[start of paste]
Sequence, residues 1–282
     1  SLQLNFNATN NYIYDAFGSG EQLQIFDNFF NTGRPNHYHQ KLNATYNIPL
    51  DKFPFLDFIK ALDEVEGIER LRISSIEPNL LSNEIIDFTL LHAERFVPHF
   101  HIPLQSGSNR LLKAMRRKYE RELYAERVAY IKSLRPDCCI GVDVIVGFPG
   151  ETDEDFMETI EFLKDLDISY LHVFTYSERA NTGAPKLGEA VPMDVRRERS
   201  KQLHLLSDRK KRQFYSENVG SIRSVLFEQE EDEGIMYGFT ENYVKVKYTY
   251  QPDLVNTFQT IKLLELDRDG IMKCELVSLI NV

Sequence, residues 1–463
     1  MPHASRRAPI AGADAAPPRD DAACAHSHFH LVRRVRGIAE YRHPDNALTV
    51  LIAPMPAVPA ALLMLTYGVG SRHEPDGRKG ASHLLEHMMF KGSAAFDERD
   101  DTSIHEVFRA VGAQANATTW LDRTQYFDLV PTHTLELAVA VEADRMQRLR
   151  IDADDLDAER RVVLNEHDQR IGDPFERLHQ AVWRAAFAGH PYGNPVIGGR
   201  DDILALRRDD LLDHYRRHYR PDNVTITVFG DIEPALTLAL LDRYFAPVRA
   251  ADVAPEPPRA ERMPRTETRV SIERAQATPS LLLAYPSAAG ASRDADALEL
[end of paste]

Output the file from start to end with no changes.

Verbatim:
Sequence, residues 1–282
     1  SLQLNFNATN NYIYDAFGSG EQLQIFDNFF NTGRPNHYHQ KLNATYNIPL
    51  DKFPFLDFIK ALDEVEGIER LRISSIEPNL LSNEIIDFTL LHAERFVPHF
   101  HIPLQSGSNR LLKAMRRKYE RELYAERVAY IKSLRPDCCI GVDVIVGFPG
   151  ETDEDFMETI EFLKDLDISY LHVFTYSERA NTGAPKLGEA VPMDVRRERS
   201  KQLHLLSDRK KRQFYSENVG SIRSVLFEQE EDEGIMYGFT ENYVKVKYTY
   251  QPDLVNTFQT IKLLELDRDG IMKCELVSLI NV

Sequence, residues 1–463
     1  MPHASRRAPI AGADAAPPRD DAACAHSHFH LVRRVRGIAE YRHPDNALTV
    51  LIAPMPAVPA ALLMLTYGVG SRHEPDGRKG ASHLLEHMMF KGSAAFDERD
   101  DTSIHEVFRA VGAQANATTW LDRTQYFDLV PTHTLELAVA VEADRMQRLR
   151  IDADDLDAER RVVLNEHDQR IGDPFERLHQ AVWRAAFAGH PYGNPVIGGR
   201  DDILALRRDD LLDHYRRHYR PDNVTITVFG DIEPALTLAL LDRYFAPVRA
   251  ADVAPEPPRA ERMPRTETRV SIERAQATPS LLLAYPSAAG ASRDADALEL